|Author||: Erich Maria Remarque|
|Editor||: Random House|
Considered by many the greatest war novel of all time, All Quiet on the Western Front is Erich Maria Remarque’s masterpiece of the German experience during World War I. I am young, I am twenty years old; yet I know nothing of life but despair, death, fear, and fatuous superficiality cast over an abyss of sorrow. . . . This is the testament of Paul Bäumer, who enlists with his classmates in the German army during World War I. They become soldiers with youthful enthusiasm. But the world of duty, culture, and progress they had been taught breaks in pieces under the first bombardment in the trenches. Through years of vivid horror, Paul holds fast to a single vow: to fight against the principle of hate that meaninglessly pits young men of the same generation but different uniforms against one another . . . if only he can come out of the war alive. “The world has a great writer in Erich Maria Remarque. He is a craftsman of unquestionably first rank, a man who can bend language to his will. Whether he writes of men or of inanimate nature, his touch is sensitive, firm, and sure.”—The New York Times Book Review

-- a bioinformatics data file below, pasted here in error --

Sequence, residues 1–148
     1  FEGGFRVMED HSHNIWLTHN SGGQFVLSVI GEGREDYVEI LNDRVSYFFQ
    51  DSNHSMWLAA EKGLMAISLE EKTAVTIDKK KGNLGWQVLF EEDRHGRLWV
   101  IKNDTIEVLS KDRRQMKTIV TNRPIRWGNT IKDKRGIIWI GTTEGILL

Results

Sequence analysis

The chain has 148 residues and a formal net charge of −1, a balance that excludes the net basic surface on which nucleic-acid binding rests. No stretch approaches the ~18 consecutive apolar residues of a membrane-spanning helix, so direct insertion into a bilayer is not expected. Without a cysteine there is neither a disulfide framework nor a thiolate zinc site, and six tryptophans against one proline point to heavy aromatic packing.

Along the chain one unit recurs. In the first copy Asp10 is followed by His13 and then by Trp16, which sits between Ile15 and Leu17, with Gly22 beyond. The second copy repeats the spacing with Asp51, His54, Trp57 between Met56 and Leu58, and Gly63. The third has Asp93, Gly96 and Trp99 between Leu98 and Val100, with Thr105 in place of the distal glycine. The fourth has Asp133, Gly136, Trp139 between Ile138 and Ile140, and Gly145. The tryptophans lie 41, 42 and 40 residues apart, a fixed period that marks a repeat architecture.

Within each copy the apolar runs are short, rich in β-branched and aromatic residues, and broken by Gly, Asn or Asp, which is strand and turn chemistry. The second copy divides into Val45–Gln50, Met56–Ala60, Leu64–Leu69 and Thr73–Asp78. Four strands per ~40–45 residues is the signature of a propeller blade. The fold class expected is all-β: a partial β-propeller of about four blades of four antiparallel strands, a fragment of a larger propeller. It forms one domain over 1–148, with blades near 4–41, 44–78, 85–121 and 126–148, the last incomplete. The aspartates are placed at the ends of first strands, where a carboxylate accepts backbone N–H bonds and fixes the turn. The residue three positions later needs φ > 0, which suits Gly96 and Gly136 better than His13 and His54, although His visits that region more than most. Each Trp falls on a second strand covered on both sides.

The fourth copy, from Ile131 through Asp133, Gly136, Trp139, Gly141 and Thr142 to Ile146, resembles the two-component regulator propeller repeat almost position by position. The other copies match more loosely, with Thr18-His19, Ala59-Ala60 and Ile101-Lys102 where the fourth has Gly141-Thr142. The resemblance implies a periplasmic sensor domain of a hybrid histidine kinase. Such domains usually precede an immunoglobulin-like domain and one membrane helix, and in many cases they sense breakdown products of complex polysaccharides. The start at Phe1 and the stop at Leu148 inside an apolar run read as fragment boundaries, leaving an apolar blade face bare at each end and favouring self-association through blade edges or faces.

|Author||: Ben Macintyre|